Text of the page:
Drug allergy is an important complication in the use of agents such as penicillins, cephalosporins, sulphonamides, insulin and streptokinase. The allergenic properties of drugs are a function of molecular size and chemical reactivity. Factors determining an individual's risk of an allergic response are not fully understood but include genetic predisposition, prior exposure, route of administration, drug dosage, age and concomitant disease. The most dangerous but least common form of drug allergy is generalised anaphylaxis. The majority of reactions are non-anaphylactic and involve the skin, with a lesser incidence of haematological, renal, musculoskeletal, cardiorespiratory and other systemic manifestations. The only definitive test for allergy in a patient with a history of previous allergic reaction is rechallenge, a dangerous and seldom indicated procedure. An alternative is skin testing, but this requires an experienced practitioner and has intrinsic risk. In vitro testing may be of value in predicting the risk of rechallenge. Safe use of a suspect drug requires a careful assessment of risk and a cautious approach. Use of an offending drug in a high-risk patient is rarely indicated, but if it is considered essential, initial therapy or desensitisation in an intensive care environment is recommended.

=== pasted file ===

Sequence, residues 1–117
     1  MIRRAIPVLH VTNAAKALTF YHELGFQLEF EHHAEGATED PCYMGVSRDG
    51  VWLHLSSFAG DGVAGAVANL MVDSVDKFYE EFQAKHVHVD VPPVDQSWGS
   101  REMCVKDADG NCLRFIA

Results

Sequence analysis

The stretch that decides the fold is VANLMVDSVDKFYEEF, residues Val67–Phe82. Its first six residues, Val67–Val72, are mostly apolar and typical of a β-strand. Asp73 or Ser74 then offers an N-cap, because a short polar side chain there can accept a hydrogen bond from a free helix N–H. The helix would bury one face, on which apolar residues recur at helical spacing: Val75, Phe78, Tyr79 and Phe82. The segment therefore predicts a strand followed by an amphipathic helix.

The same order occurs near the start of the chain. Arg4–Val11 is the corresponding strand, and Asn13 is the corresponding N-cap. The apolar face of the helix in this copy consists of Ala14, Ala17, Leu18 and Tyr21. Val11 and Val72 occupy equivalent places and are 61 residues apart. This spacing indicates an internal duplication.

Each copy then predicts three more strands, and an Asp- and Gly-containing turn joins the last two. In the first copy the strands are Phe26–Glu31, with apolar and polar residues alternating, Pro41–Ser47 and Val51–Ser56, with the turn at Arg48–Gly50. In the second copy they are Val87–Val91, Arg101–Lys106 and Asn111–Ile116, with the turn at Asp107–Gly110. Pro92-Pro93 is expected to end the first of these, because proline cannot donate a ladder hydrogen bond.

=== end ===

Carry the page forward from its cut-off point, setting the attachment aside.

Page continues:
|Original language||English (US)|
|Number of pages||6|
|Journal||South African Medical Journal|
|State||Published - Jul 25 1994|
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